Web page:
.25 -.75" = 4-5 each (incl. Lowe Balls)
1-3" = 3 each
BD #4 (old) = 2
WC #5 = 1

Bat hook = 1, Cliff Hanger = 2, Grappling Hook = 1, Flat Leeper = 1

HB brass offsets = 1 set
WC/BD/HB Rocks/Stoppers/Alu Offsets = equivalent of 2 full range sets

1 set medium + 1 set large

Rivet hangers = 6 or so for P7

Portaledge (or sitting bivy on P9, nice bivy on top of P14 and P17)

Miscellaneous Info

The climb can get very crowded and ethics vary widely. A case in point. In May of 2004, I fixed P1+2 in the early evening hours, rapped, and bivied at the base in order to wait for the Gazelle who would arrive sometime the next morning. Another group pushed on to the top of P3 with a portaledge around the same time in the evening. We talked briefly about our plans and came to a mutual consensus. Early next morning, a group of 3 showed up for a 1-day ascent and started up P1, moving slowly. About 15 minutes later another 1-day ascent group showed up. After watching the group ahead of them for a bit they started jugging my fixed lines in order to try to pass the other group. Essentially, we now had 4 parties climbing the first 3 pitches. The last group to show up did not try to communicate with any of the other groups before jumping on my fixed lines.

You may have to wait to get your turn, possibly even spending a day or two. Having a few friendly words with others around you will usually take you much farther than selfish and unilateral action.

There is a creek to the West of the base of Lurking Fear. In an average year it may still have water in early May. Don't rely on it. A filter or iodine tablets could help. I remember using an empty can to scoop murky water from a shallow puddle that would take minutes to refill after each scoop. Filtering 6 gallons through a shirt took hours the night before a planned ascent. After all the effort we were left with a protein loaded, mineral enriched brew that looked like it had come from a sewer...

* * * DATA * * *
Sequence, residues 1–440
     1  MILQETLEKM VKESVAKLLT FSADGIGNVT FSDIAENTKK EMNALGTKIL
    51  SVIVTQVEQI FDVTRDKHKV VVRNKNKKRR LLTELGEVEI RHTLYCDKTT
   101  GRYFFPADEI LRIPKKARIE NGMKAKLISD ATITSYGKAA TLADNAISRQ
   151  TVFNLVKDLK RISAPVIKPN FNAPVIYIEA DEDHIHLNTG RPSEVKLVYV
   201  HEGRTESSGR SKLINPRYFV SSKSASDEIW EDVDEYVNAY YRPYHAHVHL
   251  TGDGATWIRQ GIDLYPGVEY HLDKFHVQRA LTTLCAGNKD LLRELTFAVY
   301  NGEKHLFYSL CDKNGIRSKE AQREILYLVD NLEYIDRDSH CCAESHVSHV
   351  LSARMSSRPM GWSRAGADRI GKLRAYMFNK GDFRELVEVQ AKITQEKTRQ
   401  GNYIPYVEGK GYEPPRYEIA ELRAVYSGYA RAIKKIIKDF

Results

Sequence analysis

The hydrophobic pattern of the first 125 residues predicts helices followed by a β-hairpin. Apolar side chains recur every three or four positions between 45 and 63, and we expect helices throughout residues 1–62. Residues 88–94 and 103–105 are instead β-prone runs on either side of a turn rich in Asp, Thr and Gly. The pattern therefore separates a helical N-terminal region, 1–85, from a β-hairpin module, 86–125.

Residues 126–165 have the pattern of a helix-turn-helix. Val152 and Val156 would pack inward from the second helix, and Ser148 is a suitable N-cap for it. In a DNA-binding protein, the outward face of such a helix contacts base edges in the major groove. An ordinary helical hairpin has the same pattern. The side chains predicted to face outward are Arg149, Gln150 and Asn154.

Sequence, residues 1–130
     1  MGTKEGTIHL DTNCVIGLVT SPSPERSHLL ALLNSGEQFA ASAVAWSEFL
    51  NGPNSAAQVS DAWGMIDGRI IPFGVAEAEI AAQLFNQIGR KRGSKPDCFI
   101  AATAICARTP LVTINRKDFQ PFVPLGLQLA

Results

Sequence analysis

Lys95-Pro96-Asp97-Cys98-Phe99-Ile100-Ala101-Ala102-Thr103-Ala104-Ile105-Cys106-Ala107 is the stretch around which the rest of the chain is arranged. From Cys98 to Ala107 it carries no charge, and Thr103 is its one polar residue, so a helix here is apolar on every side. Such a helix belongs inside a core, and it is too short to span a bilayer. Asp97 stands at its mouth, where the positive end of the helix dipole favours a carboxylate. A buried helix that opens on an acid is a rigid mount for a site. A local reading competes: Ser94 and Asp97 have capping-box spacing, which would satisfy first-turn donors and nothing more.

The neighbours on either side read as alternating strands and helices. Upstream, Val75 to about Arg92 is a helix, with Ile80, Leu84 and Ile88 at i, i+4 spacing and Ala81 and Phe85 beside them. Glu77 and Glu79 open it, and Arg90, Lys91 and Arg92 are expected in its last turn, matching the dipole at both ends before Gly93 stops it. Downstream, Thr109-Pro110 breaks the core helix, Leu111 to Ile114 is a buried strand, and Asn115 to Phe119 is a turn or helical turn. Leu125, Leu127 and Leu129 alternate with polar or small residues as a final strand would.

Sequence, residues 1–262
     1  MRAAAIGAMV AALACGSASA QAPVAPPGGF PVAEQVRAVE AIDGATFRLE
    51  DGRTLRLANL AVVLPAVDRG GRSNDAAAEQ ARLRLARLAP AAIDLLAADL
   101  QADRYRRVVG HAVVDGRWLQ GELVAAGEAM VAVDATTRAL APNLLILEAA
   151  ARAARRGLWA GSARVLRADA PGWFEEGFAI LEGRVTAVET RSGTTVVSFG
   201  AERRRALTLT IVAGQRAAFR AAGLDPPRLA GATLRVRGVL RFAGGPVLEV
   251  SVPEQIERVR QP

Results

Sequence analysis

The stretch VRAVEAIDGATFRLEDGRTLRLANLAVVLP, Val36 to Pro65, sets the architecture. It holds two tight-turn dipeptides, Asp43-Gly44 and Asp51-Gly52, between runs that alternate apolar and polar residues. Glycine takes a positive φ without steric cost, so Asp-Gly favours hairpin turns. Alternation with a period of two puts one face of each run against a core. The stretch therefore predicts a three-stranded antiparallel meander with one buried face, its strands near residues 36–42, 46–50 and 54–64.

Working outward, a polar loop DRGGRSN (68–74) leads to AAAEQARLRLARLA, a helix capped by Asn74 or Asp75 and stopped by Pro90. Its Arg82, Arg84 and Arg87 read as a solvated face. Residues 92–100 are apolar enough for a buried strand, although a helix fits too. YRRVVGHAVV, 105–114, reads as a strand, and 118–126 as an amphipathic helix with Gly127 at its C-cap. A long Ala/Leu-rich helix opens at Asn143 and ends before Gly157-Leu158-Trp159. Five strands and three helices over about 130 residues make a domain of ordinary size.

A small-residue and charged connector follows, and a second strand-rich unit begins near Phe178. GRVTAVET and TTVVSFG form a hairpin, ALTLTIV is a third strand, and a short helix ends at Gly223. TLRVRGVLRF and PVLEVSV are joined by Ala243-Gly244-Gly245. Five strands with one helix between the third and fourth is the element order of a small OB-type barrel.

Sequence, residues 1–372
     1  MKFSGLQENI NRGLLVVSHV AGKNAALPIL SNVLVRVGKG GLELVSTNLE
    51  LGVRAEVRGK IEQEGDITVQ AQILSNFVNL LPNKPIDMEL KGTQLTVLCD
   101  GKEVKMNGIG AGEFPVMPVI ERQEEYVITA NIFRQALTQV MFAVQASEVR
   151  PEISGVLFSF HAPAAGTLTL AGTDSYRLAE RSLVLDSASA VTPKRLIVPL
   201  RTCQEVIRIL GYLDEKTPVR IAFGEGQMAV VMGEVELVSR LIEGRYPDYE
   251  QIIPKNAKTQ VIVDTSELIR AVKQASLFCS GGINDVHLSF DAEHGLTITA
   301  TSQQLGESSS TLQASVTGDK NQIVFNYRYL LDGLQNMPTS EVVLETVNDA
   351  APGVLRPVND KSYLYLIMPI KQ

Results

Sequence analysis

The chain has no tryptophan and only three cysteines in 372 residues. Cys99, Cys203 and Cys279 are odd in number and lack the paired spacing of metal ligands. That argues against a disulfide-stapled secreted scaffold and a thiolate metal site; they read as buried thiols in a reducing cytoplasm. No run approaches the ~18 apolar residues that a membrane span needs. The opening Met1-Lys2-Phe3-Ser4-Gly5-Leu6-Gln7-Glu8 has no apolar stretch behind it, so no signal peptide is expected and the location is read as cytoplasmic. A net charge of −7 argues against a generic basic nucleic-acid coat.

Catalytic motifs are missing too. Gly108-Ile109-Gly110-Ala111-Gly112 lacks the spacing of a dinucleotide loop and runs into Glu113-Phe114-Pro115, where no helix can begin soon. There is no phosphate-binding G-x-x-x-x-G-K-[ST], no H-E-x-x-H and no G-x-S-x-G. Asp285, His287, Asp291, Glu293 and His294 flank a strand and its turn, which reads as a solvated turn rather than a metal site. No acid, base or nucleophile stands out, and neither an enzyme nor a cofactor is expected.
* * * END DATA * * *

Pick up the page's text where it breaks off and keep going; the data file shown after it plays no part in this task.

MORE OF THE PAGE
A handful of copperheads (#1-3) and a hammer would be good to have in case some of the heads on P11 get 'cleaned' or blow.

Rappeling the route from any point past P6 has serious epic potential.

If you have a haulbag and/or haven't done the route it would probably be significantly better to spend the night on Thanksgiving Ledge, rather than push the equivalent of 6-7 pitches to the top in the dark.



Children refers to the set of objects that logically fall under a given object. For example, the Aconcagua mountain page is a child of the 'Aconcagua Group' and the 'Seven Summits.' The Aconcagua mountain itself has many routes, photos, and trip reports as children.



Parents refers to a larger category under which an object falls. For example, theAconcagua mountain page has the 'Aconcagua Group' and the 'Seven Summits' asparents and is a parent itself to many routes, photos, and Trip Reports.